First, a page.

However, a long-standing conundrum with this model has been the role of the exporter adapter Aly. Surprisingly, depletion studies in both mammalian and viral systems show that Aly is dispensable for mRNA export. The explanation for this appears to lie in an apparent redundancy in the eukaryotic hTREX components; specifically due to the discovery of a second export adapter protein, UAP56 interacting factor (UIF; Hautbergue et al., 2009). UIF binds to the mRNA in a splicing-independent reaction and is recruited to the mRNA via a direct interaction with the histone chaperone FACT. UIF can then interact with TAP to facilitate delivery of the mRNA to the nuclear pore. To this end, ORF57 is now known to interact directly with both Aly and UIF and to recruit the entire hTREX complex through these interactions (Jackson et al., 2011), as well as interacting with other cellular factors such as RBM15 and OTT3 (Majerciak et al., 2011; Figure 3). While our understanding of the proteins involved in the export of intronless KSHV mRNAs has improved, the exact mechanism remains elusive. For example, it has been demonstrated that ORF57 interacts directly with UIF and Aly, but it is not known whether these interactions occur simultaneously or independent of one another. siRNA depletion of both Aly and UIF is sufficient to severely impair ORF57-mediated mRNA export. However, depletion of Aly and UIF individually also causes a slight decrease in the level of mRNA export, perhaps suggesting that both proteins are required simultaneously for the efficient export KSHV mRNAs.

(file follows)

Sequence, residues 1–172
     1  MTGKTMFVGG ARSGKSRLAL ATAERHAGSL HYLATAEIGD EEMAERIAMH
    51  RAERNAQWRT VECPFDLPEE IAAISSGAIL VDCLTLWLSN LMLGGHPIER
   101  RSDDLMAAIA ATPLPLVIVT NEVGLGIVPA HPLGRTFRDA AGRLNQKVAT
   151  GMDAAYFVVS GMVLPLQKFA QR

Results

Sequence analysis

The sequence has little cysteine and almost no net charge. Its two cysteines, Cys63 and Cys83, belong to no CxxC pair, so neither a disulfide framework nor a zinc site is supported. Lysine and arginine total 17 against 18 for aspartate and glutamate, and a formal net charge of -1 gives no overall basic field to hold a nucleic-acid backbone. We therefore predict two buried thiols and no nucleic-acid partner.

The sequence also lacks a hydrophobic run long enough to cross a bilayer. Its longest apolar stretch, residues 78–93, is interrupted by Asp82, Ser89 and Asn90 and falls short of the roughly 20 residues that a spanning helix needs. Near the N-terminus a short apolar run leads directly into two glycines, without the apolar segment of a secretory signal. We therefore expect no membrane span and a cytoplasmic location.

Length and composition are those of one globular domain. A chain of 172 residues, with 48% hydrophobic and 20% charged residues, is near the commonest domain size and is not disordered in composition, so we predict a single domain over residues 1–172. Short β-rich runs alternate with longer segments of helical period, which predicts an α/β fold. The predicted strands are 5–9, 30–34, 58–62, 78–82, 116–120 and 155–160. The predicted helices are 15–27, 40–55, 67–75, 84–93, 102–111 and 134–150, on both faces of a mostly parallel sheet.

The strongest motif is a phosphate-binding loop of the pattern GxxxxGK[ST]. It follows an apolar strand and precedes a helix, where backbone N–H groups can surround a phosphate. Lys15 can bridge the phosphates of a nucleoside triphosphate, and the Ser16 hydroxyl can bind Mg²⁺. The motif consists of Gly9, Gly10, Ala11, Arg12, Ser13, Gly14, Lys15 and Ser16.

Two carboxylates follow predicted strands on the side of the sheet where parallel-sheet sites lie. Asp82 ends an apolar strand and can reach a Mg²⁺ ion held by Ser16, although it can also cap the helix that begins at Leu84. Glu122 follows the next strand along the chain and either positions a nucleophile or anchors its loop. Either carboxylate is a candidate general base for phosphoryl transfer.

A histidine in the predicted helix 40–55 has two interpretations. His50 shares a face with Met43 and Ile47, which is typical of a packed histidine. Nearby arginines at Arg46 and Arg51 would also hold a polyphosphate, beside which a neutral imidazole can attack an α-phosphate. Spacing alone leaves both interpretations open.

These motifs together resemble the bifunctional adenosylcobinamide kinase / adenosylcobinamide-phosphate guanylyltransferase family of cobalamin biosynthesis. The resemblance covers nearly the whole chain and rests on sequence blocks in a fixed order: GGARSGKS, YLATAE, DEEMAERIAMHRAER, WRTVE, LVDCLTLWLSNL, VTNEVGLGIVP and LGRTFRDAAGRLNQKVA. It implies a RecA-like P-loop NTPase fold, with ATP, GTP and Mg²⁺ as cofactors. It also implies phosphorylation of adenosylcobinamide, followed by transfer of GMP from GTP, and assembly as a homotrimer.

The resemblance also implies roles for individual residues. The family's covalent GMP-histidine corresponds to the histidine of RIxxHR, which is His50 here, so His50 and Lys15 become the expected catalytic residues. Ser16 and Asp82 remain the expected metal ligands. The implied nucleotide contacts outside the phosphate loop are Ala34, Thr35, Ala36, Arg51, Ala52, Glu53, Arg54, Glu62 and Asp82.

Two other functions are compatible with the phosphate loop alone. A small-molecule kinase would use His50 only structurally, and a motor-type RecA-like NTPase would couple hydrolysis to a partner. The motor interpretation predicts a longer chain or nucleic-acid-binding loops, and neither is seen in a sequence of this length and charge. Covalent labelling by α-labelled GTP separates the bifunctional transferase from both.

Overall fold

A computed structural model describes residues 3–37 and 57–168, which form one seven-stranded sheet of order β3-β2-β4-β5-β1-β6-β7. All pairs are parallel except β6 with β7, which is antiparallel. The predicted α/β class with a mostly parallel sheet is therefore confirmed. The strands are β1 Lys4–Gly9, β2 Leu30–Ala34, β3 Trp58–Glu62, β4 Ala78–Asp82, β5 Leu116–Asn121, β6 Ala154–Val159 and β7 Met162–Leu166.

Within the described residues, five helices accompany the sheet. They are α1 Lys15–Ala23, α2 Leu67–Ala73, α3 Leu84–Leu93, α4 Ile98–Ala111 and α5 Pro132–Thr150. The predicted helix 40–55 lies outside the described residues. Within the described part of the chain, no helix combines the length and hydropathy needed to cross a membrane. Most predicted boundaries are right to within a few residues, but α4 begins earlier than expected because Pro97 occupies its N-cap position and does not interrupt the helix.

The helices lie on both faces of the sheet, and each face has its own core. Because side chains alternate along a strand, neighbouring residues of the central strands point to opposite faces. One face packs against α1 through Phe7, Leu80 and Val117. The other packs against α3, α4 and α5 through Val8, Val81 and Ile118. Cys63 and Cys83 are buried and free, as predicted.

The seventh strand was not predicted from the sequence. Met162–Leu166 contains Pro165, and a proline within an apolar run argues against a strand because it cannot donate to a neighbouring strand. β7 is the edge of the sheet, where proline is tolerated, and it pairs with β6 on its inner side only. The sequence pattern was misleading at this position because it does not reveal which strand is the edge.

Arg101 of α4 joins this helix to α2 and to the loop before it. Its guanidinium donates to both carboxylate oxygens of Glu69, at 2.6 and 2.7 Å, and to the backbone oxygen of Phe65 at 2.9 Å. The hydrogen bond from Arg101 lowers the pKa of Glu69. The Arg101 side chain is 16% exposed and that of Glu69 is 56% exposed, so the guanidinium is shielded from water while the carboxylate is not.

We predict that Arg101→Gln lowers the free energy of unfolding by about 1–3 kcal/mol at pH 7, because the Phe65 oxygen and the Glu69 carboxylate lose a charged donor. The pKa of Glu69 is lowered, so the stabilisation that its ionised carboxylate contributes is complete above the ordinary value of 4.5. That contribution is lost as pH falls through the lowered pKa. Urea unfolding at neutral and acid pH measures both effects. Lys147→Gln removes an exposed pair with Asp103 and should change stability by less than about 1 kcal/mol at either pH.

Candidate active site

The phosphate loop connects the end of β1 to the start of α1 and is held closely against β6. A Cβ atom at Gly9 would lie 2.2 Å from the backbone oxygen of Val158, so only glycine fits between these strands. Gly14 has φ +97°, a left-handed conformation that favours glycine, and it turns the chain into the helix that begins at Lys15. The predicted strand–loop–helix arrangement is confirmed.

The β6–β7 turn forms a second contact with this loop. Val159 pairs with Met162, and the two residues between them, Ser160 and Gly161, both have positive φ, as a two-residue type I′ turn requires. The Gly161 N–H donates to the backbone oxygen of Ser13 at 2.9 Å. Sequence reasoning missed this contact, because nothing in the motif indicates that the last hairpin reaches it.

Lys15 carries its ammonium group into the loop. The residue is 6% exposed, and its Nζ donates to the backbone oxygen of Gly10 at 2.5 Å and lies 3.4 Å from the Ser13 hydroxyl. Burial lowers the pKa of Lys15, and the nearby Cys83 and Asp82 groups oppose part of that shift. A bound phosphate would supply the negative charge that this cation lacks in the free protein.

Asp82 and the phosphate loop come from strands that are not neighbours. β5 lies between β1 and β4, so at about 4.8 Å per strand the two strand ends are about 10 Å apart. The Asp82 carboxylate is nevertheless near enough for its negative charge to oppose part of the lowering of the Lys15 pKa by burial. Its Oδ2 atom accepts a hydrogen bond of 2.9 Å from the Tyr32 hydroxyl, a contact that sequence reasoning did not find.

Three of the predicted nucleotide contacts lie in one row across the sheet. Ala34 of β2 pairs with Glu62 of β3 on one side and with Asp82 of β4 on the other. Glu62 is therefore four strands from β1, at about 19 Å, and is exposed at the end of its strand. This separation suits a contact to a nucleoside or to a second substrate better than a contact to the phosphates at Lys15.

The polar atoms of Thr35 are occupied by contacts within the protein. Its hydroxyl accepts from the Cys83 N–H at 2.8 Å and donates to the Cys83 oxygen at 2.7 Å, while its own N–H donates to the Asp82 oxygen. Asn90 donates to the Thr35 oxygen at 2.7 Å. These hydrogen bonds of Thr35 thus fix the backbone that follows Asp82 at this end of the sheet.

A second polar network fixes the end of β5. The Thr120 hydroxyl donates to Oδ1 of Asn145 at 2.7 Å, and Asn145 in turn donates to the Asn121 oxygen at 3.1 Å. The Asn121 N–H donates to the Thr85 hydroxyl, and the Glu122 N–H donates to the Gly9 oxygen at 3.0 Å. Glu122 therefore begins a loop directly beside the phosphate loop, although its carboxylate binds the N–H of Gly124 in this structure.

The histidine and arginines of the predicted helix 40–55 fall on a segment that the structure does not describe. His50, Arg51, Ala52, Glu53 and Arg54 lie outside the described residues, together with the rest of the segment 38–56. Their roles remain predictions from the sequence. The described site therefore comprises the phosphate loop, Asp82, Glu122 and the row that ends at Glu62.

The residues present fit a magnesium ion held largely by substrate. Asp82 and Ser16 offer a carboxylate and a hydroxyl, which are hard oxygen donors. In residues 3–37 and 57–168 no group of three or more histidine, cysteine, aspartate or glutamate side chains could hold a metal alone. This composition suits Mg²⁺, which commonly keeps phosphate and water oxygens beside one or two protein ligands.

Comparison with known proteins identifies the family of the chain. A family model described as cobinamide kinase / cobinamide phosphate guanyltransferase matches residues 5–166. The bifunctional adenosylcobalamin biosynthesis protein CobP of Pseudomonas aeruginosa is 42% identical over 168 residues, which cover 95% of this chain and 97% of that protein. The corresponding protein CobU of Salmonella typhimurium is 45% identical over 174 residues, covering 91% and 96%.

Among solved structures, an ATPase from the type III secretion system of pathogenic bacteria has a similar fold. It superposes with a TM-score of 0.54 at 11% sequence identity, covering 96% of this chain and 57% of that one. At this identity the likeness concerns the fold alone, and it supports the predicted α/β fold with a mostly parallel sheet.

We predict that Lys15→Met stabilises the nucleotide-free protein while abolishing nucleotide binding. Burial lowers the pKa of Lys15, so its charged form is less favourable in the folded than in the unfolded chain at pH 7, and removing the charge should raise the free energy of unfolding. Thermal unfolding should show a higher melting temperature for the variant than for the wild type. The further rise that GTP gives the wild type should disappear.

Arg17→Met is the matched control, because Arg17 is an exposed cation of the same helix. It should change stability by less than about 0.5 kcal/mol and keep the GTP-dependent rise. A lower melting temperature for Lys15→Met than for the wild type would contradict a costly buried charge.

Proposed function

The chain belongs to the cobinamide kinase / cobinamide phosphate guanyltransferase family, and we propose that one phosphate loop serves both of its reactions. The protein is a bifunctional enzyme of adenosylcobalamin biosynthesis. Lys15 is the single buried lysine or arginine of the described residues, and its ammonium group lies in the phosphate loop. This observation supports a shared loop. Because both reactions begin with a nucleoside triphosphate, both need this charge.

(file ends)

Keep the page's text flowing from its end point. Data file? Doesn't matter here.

FIGURE 3
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Figure 3. Kaposi’s sarcoma-associated herpesvirus ORF57-mediated intronless viral mRNA nuclear export. ORF57 binds to intronless viral mRNA in the nucleus and interacts directly with the export adapters Aly and UIF. Via the interaction with one or both of these export adapters ORF57 can then recruit the remainder of the hTREX complex, including the proteins UAP56 and the THO complex as well as the export receptor, TAP. ORF57 shuttles this complex through the nucleolus prior to the mRNA being exported into the cytoplasm in a TAP-dependent mechanism. The hTREX components are then recycled back into the nucleus while ORF57 remains bound to the viral mRNA for involvement in further downstream mechanisms.